Quotations About / On:
It is not opium which makes me work but its absence, and in order for me to feel its absence it must from time to time be present.
(Antonin Artaud (1896-1948), French theatre producer, actor, theorist. repr. in Selected Writings, pt. 24, ed. Susan Sontag (1976). Appeal to Youth: Intoxication-Disintoxication (1934).)
Modern thought has transferred the spectral character of Death to the notion of time itself. Time has become Death triumphant over all.
(John Berger (b. 1926), British author, critic. repr. In Keeping a Rendezvous (1992). "That Which Is Held," Village Voice (New York, Apr. 13, 1982).)
This time, like all times, is a very good one, if we but know what to do with it.
(Ralph Waldo Emerson (1803-1882), U.S. essayist, poet, philosopher. Oration, August 31, 1837, delivered before the Phi Beta Kappa Society, Cambridge, Massachusetts. "The American Scholar," Emerson: Essays and Lectures, ed. Joel Porte (1983).)
Times of heroism are generally times of terror, but the day never shines in which this element may not work.
(Ralph Waldo Emerson (1803-1882), U.S. essayist, poet, philosopher. "Heroism," Essays, First Series (1841, repr. 1847).)
We see past time in a telescope and present time in a microscope. Hence the apparent enormities of the present.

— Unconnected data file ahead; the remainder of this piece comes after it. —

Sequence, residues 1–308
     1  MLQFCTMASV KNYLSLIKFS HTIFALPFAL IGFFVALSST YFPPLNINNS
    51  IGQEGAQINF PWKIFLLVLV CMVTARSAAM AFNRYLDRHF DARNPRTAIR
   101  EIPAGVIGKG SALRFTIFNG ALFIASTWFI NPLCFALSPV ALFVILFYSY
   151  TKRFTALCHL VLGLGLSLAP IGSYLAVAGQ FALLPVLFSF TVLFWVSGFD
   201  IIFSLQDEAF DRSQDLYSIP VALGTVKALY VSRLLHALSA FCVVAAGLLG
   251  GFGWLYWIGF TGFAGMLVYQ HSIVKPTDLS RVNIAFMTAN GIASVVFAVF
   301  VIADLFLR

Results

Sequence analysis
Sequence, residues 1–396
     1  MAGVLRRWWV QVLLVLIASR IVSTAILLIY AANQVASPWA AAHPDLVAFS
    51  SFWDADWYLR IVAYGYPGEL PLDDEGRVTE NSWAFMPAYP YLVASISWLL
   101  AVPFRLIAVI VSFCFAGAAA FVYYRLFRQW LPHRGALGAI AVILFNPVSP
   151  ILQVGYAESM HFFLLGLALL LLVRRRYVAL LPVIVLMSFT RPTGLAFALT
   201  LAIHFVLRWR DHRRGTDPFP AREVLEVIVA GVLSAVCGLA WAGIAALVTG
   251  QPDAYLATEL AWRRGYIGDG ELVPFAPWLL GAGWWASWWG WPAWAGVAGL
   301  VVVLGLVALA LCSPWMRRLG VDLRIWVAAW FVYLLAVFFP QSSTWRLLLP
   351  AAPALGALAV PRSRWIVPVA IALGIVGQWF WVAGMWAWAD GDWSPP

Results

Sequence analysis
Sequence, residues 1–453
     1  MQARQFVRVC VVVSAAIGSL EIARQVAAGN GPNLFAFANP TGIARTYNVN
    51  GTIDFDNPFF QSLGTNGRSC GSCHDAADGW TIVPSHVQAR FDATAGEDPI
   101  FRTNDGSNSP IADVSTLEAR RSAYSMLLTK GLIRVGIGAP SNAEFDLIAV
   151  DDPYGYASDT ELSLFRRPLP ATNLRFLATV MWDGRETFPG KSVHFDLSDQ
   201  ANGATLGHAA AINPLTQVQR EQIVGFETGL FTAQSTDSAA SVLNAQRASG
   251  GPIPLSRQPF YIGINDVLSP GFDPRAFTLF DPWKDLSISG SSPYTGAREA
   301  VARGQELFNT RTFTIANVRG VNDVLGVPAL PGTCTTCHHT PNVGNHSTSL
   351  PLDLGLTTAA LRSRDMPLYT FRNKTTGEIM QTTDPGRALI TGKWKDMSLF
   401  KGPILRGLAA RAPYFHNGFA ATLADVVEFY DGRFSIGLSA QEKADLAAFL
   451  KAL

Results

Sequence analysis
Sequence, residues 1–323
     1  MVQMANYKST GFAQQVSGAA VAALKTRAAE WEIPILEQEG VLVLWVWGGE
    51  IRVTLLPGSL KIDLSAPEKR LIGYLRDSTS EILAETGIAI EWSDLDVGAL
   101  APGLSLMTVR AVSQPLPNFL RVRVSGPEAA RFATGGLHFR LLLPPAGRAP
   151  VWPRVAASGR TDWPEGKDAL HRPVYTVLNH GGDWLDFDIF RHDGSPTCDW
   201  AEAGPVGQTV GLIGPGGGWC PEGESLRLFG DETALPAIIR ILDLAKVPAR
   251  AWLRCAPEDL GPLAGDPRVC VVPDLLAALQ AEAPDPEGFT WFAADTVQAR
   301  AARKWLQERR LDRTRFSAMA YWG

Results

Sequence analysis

(Victor Hugo (1802-1885), French poet, novelist, playwright, essayist. Trans. by Lorenzo O'Rourke. "Thoughts," Postscriptum de ma vie, in Victor Hugo's Intellectual Autobiography, Funk and Wagnalls (1907).)
When people ask for time, it's always for time to say no. Yes has one more letter in it, but it doesn't take half as long to say.
(Edith Wharton (1862-1937), U.S. author. Judith, in The Children, ch. 25 (1928).)
A conversation in English in Finnish and in French can not be held at the same time nor with indifference ever or after a time.
(Gertrude Stein (1874-1946), U.S. author. (Written 1932). "Marguerite or a Simple Novel of High Life," Mrs. Reynolds and Five Earlier Novelettes, Yale University Press (1952).)
Education is an admirable thing, but it is well to remember from time to time that nothing that is worth knowing can be taught.
(Oscar Wilde (1854-1900), Anglo-Irish playwright, author. Gilbert, in The Critic as Artist, pt. 1, published in Intentions (1891).)
When a work appears to be ahead of its time, it is only the time that is behind the work.
(Jean Cocteau (1889-1963), French author, filmmaker. (Originally published 1918). Le Coq et l'Arlequin, Le Rappel à L'Ordre (1926), repr. In Collected Works, vol. 9 (1950).)
In a war everybody always knows all about Switzerland, in peace times it is just Switzerland but in war time it is the only country that everybody has confidence in, everybody.
(Gertrude Stein (1874-1946), U.S. author; relocated to France. Wars I Have Seen (1945).
Written in 1943.)